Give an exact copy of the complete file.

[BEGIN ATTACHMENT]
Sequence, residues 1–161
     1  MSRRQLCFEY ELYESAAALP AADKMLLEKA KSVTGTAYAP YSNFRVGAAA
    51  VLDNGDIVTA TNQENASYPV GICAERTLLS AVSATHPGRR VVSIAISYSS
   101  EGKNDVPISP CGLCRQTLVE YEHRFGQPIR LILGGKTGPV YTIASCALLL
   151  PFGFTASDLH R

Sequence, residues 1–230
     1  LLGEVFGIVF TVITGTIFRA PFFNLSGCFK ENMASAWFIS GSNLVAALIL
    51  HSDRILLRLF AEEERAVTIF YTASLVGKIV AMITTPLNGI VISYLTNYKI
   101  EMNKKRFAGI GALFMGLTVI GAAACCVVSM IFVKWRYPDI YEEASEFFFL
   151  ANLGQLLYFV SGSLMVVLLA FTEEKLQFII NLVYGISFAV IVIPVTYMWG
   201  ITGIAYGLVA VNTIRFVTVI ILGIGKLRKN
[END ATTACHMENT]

Sequence, residues 1–161
     1  MSRRQLCFEY ELYESAAALP AADKMLLEKA KSVTGTAYAP YSNFRVGAAA
    51  VLDNGDIVTA TNQENASYPV GICAERTLLS AVSATHPGRR VVSIAISYSS
   101  EGKNDVPISP CGLCRQTLVE YEHRFGQPIR LILGGKTGPV YTIASCALLL
   151  PFGFTASDLH R

Sequence, residues 1–230
     1  LLGEVFGIVF TVITGTIFRA PFFNLSGCFK ENMASAWFIS GSNLVAALIL
    51  HSDRILLRLF AEEERAVTIF YTASLVGKIV AMITTPLNGI VISYLTNYKI
   101  EMNKKRFAGI GALFMGLTVI GAAACCVVSM IFVKWRYPDI YEEASEFFFL
   151  ANLGQLLYFV SGSLMVVLLA FTEEKLQFII NLVYGISFAV IVIPVTYMWG
   201  ITGIAYGLVA VNTIRFVTVI ILGIGKLRKN